What is a Private Equity Group?
What do they look for when making an acquisition?
Brian E. Christian, CPA, MBA
Before we address the unique nature of private equity groups, I’d like to impart a bit of sound advice:
If you are, or someone you know is, serious about harvesting a lifetime of work and entertaining the idea of selling a closely held business; the biggest favor you can do for yourself, or them, is to introduce them to The Exit Strategy Handbook. As someone who has read scores of books on the subject of business exit planning, I can personally vouch for this book and the accompanying software package as being the finest in its field. It truly is The BEST Guide for Selling Your Business.
On page 12 of The Exit Strategy Handbook, Jerry Mills only briefly mentions Private equity groups (PEGs) as one option among several that may be interested in acquiring your closely held middle market business. In order to determine if a PEG would have an interest in acquiring your company or that of someone you know, it is usually a good idea to have an idea of how they work and what they look for.
Private equity groups will usually raise capital by seeking out high net worth individuals or investment funds to be investors in their firm or group.
Frequently Asked Questions (FAQs):
- What does a PEG do with the equity capital they raise?
PEGs look to acquire a significant minority share, a controlling interest or 100% ownership in one or more portfolio companies. Once these investments are made, they look to maximize their long term value.
- How do the investors in a PEG earn a return on their equity investment in the group?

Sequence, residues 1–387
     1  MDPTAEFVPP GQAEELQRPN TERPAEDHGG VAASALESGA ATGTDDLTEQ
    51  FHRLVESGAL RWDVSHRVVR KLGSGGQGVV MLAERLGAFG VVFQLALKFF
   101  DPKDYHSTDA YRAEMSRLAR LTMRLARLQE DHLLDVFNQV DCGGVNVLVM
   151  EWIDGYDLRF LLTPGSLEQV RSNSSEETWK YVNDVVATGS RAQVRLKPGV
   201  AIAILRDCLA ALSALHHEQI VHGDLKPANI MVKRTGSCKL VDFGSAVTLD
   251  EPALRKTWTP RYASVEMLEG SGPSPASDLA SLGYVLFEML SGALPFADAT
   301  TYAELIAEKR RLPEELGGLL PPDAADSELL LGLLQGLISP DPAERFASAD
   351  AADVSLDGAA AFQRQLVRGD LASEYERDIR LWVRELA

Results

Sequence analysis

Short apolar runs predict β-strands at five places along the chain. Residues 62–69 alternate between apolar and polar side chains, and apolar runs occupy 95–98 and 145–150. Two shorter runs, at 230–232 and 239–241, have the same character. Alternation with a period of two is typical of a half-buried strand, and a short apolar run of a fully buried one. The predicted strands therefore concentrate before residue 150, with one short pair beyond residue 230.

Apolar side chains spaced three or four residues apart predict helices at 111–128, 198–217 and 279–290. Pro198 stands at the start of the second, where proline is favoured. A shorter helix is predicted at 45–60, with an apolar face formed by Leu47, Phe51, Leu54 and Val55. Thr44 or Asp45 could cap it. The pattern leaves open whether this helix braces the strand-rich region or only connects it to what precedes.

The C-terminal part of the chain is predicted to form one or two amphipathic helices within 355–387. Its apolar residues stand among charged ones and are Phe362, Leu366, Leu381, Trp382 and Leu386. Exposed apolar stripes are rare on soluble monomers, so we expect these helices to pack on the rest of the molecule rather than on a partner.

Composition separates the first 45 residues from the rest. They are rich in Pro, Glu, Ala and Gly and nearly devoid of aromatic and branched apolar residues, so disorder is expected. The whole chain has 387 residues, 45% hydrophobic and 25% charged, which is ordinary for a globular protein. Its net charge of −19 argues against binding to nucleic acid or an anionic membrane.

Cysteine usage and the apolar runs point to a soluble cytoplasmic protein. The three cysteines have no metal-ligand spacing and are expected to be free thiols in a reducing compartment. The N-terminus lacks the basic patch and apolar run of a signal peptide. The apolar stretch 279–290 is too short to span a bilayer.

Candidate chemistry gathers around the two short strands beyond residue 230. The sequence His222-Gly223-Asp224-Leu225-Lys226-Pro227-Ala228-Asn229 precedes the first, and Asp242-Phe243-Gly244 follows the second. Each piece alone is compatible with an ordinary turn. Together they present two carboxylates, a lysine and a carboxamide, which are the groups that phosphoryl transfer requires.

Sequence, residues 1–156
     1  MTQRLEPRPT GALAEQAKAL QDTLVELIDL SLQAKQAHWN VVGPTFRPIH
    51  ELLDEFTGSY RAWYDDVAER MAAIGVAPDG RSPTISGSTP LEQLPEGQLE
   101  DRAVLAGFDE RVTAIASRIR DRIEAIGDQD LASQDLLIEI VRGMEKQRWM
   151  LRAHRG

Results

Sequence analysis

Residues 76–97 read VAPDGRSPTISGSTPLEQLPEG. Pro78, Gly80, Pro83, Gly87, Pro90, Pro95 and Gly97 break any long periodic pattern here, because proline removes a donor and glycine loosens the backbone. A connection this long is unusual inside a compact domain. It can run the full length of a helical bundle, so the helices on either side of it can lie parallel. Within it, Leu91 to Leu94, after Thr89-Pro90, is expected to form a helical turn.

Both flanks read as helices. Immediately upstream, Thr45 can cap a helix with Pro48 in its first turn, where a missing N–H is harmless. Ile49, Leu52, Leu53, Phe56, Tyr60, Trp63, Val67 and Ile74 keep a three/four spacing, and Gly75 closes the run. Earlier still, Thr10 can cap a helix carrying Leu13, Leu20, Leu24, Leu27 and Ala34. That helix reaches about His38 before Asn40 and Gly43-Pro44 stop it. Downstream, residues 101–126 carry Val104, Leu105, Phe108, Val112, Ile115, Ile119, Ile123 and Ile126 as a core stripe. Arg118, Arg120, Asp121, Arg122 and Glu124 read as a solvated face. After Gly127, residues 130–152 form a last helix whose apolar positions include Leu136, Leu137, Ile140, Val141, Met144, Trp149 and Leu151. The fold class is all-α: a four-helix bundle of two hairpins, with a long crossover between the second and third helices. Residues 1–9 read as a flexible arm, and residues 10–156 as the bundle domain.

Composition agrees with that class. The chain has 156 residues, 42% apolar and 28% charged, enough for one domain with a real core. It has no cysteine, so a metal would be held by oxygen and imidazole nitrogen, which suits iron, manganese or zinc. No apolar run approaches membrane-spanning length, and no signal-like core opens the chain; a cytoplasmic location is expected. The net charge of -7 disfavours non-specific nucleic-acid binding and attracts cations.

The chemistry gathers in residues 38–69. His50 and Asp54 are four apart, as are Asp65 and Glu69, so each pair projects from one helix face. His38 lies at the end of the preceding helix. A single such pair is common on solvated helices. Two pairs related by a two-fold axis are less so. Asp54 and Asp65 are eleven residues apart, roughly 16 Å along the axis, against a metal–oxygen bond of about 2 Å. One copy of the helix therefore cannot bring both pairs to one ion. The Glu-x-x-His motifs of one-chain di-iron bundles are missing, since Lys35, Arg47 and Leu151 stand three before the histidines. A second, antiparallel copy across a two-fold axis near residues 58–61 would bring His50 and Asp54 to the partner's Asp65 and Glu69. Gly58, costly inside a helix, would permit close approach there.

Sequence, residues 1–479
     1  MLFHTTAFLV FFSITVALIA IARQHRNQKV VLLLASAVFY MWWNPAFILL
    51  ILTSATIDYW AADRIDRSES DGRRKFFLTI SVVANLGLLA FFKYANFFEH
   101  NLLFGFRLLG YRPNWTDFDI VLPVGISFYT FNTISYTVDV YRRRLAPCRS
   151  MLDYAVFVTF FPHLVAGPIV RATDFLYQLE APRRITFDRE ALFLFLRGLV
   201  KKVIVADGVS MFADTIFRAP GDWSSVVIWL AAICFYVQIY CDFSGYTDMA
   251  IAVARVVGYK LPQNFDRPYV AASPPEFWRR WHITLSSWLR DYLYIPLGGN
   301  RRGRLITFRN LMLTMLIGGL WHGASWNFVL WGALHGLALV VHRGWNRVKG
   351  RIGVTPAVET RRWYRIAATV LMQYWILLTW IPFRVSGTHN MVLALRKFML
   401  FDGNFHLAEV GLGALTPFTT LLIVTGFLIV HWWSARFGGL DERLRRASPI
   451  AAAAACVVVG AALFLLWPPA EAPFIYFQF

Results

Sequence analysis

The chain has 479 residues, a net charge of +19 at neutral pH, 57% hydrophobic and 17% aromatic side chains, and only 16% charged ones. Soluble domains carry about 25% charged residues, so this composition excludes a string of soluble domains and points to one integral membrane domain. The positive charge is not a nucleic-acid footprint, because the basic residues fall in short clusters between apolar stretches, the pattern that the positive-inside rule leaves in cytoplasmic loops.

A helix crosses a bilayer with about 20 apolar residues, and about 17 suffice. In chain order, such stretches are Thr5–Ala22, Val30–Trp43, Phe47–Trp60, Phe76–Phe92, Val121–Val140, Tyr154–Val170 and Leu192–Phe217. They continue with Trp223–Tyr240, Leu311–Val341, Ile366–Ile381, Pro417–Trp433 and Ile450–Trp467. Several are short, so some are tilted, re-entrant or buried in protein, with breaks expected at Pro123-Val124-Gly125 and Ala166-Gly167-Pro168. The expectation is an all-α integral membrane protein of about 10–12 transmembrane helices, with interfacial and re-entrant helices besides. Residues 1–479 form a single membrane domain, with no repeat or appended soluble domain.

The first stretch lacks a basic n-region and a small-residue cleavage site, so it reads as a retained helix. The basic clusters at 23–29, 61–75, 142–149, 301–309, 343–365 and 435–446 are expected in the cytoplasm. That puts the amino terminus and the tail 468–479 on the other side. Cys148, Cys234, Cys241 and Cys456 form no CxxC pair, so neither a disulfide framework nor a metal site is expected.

PEGs and their investors usually receive periodic (monthly or quarterly) management fees from the portfolio companies they own and manage as well as a share of the profits generated by their portfolio companies, usually called a “carried interest”.
- What is a PEGs typical investment horizon and strategy?
PEGs, as opposed to hedge funds, usually take a longer term, buy and hold perspective with respect to their portfolio companies. They usually seek out industry segments in which their principals have experience and expertise. Given the experience and expertise of their principals, the PEG will almost always assume operational or executive leadership roles in their portfolio companies in order to manage their risk and achieve their long term growth objectives.
- What is their “end game”?
Just as you, as a current business owner, are contemplating now- a PEG always begins with their exit in mind. When contemplating an acquisition, they consider the possible ways that they can receive the ultimate return on their investment and whether or not the company they are contemplating acquiring would be a candidate for one of the following transactions:
-An Initial Public Offering (IPO) in which shares of the company are offered for sale to the public on a regulated exchange.
-A merger or acquisition in which the company could be sold for cash or shares in an acquiring company.
-A recapitalization in which their interest is monetized and paid to them through one (or a combination) of the following:
• Operating cash flow,
• Raising debt, or
• The sale of equity to other parties.
While there are several distinct types of buyers for today’s closely held, middle market business, not all are created equal and it helps to know what they look for in order to position yours in the best possible light to draw their interest. I hope you found the above informative and insightful.